via drum circles

Ben Swift

19 Apr '21

we acknowledge and celebrate Australia's First Peoples on whose traditional lands we meet, and pay our respect to the elders past and present

part un: Euclid’s algorithm

part deux: sounding bodies and Euclidean Rhythms

part trois: what does it all mean?

391 578

what’s the *biggest* number which divides evenly into both of these numbers?

the Euclidean algorithm for computing the greatest common divisor of two integers is one of the oldest known algorithms (circa 300 B.C.)

first described in Euclid’s *Elements, Proposition 2, Book VII*

independently discovered in several other places (China, India)

granddaddy of all algorithms, because it is the oldest nontrivial algorithm that has survived to the present day

Donald Knuth,TAOCP Vol. 2

📸 Brian Flaherty for The New York Times

To find the **g**reatest **c**ommon **d**ivisor of two numbers (*a* and *b*),
repeatedly replace the larger of the two numbers by their difference until both
are equal. This final number is then the greatest common divisor.

(source)

To find the **g**reatest **c**ommon **d**ivisor of two numbers (*a* and *b*),
repeatedly replace the larger of the two numbers by their difference until both
are equal. This final number is then the greatest common divisor.

early on: tiling, astronomy, calendars

these days: *many applications* (e.g. number theory, cryptography)

*animation from Wikipedia*

```
(define (gcd a b)
(if (= a b)
a
(gcd (min a b) (abs (- a b)))))
```

```
(define (gcd a b)
(if (= a 0)
b
(gcd (modulo b a) a)))
```

same basic idea as Euclid, although attributed to Bjorklund

**aka:** cuban *tresillo*

**aka:** South
African *Venda*, Macedonia, Central African Republic, Tool's
*Schism* and many more...

**aka:** cuban *cinquillo*

Line up the boxes in one row (

oneson the left), then move the rightmostzeroes“under” the left-handones.If there’s more than one short (“hanging chad”) column on the right, take as many of those short columns as you can and move them to below the tallest (left-hand) columns—and repeat this process until there’s no more than one short column.

a simple algorithm for generating Euclidean rhythms

a laundry list of examples of these rhythms “in the wild”

proofs of a number of “nice” mathematical properties of Euclidean rhythms

some kite-flying about the relationship between said nice properties and the human cultural practices associated with musicmaking

not all widely-used rhythms in the world are Euclidean

here’s a low-dimensional (2–3 parameter) interface for generating a wide range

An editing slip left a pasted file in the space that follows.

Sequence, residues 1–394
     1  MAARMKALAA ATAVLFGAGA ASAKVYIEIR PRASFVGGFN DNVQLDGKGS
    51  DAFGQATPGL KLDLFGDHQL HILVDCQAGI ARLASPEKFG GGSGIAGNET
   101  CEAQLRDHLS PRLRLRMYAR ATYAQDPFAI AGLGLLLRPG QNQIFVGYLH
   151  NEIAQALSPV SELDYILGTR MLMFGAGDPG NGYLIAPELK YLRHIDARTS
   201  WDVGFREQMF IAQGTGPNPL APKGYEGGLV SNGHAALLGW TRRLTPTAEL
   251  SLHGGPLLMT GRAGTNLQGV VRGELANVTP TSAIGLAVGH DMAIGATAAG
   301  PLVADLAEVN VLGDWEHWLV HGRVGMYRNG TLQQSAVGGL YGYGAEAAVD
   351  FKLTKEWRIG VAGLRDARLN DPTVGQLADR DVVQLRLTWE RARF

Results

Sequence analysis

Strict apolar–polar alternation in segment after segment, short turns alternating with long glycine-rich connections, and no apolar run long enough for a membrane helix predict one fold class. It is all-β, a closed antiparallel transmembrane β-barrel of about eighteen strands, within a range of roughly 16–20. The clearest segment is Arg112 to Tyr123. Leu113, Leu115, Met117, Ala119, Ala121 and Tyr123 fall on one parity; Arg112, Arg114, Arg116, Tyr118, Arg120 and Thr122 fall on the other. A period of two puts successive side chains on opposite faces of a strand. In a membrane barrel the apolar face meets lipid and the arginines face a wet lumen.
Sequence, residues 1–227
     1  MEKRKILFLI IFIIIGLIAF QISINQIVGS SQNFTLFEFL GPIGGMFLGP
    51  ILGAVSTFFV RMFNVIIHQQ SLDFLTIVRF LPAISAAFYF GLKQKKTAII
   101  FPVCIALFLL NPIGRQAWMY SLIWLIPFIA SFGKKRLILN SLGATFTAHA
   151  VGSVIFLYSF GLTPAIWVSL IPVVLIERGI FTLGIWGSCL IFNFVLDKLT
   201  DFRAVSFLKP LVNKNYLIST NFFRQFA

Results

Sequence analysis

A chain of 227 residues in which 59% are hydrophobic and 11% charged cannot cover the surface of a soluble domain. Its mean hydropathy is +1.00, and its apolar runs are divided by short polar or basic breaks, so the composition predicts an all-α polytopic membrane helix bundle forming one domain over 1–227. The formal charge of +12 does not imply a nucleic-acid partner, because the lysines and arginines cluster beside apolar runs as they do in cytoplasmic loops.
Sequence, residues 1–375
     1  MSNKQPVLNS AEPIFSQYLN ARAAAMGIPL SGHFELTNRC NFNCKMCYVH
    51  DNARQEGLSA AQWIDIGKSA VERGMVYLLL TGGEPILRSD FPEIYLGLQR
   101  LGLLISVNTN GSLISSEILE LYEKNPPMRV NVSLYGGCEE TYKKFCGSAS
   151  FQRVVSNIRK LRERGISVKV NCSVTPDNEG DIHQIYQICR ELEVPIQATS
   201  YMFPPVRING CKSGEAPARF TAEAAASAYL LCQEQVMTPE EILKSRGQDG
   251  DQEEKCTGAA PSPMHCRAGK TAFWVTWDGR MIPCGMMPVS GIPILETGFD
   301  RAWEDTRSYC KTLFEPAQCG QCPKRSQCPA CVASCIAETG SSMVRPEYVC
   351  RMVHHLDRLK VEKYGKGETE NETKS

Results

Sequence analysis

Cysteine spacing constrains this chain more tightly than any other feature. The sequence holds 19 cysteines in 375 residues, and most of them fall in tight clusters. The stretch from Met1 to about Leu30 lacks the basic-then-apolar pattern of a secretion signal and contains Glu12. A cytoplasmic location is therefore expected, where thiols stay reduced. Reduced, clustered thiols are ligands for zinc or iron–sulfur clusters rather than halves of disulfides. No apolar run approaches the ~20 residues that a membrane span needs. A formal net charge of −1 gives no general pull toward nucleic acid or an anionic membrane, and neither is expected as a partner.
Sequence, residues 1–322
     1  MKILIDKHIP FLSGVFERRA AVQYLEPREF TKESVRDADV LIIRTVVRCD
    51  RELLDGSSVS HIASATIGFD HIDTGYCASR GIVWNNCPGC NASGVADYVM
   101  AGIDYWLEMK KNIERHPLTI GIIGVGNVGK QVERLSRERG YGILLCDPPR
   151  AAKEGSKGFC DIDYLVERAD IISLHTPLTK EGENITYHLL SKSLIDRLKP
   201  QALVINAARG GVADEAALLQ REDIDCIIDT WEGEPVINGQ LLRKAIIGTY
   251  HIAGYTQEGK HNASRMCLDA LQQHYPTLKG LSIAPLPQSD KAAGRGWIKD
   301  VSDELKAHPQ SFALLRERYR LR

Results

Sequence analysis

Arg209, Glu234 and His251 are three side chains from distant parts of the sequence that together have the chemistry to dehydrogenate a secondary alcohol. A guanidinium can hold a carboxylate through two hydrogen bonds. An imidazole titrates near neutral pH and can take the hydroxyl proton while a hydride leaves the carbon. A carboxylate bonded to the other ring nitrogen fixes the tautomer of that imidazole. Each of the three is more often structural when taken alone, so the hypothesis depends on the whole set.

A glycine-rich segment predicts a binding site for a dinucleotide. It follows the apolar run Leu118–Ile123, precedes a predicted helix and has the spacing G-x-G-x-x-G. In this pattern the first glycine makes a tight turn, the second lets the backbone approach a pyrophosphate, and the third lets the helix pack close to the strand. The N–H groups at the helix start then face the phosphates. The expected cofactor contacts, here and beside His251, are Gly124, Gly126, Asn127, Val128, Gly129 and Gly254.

of interesting-sounding and culturally-significant rhythms to get people
**dancing**

…such rhythmic structures [Euclidean rhythms] can be fruitfully regarded not only as retentions of African musical and cultural heritage, but also as a way of theorizing the threads of continuity that exist between many of the disparate musics and cultures that have shared African roots, but have been radically altered by the passage of time and cross-cultural contact and musical hybridity.

Stewart, J (2010). Articulating the African Diaspora through Rhythm: Diatonic Rhythms, Nested Looping Structures, and the music of Steve Coleman

The rules of American commercialism permit us to circumvent indigenous labor, employing indigenous know-how to re-construct crude facsimiles of sacred objects and sophisticated musical instruments. The commercialisation of the pseudo-African Drum is socially, ethically and legally upheld by our moral framework. It is, however, in violation of the ethic of the ethnic Drum.

Friedberg, L (2003). Drumming for Dollars

The Contours

📸 Motown Museum

Boston Dynamics' "terrifying" robotic dogs have been put to work by at least one police agency

November 27, 2019

📸 Charles Krupa/AP

well, maybe… but that’s not the main point here

you learned it earlier—I saw you—so you’re implicated

algorithms (even simple ones!) can give us leverage in cultural domains, can/how
do we use it safely, sustainably, at *scale*?

Machine learning is like money laundering for bias.

Maciej Cegłowski,The Moral Economy of Tech

Euclid’s algorithm!

To find the **g**reatest **c**ommon **d**ivisor of two numbers (*a* and *b*),
repeatedly replace the larger of the two numbers by their difference until both
are equal. This final number is then the greatest common divisor.

yes, **it will be on the final exam**